Blog Reflection – week 4: Empathy and defamiliarisation
Briefly reflect on the lessons learnt from each exercise.
Reflective listening is would suggest is active listening, that is, the process of uncovering information as it is being discussed. It is an organic experience, where, having some key points to discuss, the listener is an active part of the conversation. The conversation able to segue into previously unforeseen areas as new insights are revealed. Empathy with the speaker is important in this process, making them feel comfortable in revealing insights which are personal in nature.
Defamiliarisation of everyday reality
In viewing the two videos – firstly of watching a train depart, followed by another arriving from the opposite direction, I thought to myself how odd that the person filming the experience did not linger of the spectacular view of Circular Quay, but rather, the mundanity of commuters and day trippers getting off and on a train, momentarily lingering to take in that view.
I am reminded of the Lumière Brother’s famous 1895 film L’Arrivée d’un train en gare de La Ciotat. A film which, in its day evoked horror from the audience as they were confronted by a train moving toward them as if about the crash through the wall, as they had never experienced a projected moving image before.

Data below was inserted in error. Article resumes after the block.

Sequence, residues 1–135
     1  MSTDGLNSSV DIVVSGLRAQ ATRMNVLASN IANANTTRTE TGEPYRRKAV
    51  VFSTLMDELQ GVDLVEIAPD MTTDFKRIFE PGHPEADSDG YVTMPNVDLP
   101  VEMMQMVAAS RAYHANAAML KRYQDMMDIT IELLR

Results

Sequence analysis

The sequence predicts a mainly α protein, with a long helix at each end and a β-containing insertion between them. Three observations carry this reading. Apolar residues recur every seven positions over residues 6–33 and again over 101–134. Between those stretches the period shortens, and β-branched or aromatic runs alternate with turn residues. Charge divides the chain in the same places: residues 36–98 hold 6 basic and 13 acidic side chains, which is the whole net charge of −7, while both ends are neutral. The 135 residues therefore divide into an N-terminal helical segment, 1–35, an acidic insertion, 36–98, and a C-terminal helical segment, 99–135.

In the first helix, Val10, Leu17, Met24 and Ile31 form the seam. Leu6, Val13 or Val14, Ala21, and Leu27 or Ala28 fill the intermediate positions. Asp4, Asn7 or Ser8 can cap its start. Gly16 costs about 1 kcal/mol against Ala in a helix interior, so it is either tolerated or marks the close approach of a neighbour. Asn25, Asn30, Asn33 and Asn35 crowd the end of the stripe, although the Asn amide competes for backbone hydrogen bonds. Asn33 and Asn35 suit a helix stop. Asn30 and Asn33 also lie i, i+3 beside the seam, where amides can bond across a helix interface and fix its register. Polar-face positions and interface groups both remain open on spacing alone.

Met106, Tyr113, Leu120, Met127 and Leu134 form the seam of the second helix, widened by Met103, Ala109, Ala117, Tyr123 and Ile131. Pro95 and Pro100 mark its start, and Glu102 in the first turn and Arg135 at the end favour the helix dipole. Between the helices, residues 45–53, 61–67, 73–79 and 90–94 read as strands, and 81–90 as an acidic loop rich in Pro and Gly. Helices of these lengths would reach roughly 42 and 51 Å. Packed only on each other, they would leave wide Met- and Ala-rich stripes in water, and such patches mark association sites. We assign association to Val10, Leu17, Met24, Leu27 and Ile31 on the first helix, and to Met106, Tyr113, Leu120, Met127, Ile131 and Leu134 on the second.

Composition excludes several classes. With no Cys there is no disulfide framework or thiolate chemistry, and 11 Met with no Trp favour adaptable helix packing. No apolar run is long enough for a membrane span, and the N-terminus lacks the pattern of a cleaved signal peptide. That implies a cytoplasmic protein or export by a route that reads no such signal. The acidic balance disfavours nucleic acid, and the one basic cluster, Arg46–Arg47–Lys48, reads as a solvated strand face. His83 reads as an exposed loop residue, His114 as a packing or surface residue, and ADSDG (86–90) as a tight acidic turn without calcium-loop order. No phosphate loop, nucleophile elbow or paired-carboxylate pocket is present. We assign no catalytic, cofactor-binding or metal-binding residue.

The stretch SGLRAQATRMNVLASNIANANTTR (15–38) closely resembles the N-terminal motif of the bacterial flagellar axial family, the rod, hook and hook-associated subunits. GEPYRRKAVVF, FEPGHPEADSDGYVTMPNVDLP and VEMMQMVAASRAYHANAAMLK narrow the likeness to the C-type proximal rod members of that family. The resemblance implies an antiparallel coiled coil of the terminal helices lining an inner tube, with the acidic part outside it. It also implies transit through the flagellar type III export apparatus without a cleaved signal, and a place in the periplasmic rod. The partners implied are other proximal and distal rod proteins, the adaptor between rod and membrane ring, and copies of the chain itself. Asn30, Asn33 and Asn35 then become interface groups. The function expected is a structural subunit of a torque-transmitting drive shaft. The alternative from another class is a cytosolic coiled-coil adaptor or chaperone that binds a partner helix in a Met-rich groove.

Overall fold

The sequence of the bus journey also narrowed in its vision of a single view down to the front of the bus, rather than take in the passing scenery.
Both experiences reminded me of the fleeting nature of experience, many such passionless moments soon to be lost without trace.
In this instance the defamiliarisation is about experiencing through the senses of someone else, who acts and behaves quite differently to ourselves and has their own way of experiencing a space and moment.
In this experience, removing the clarity of vision and having to move through an environment with reduced vision, I was interested in how I firstly needed to impart my own prior experiences of the environmental space to ‘fill in the missing pieces’ like giving myself clues in able to move with some confidence. But the more I moved with the reduced vision, the more I relied on my other senses which were not affected, to compensate for the disability.
The act of putting oneself in the ‘shoes’ of the intended user, we are brought into their world and can use this experience to shape possible directions and approaches if we were to design or create something for this particular demographic.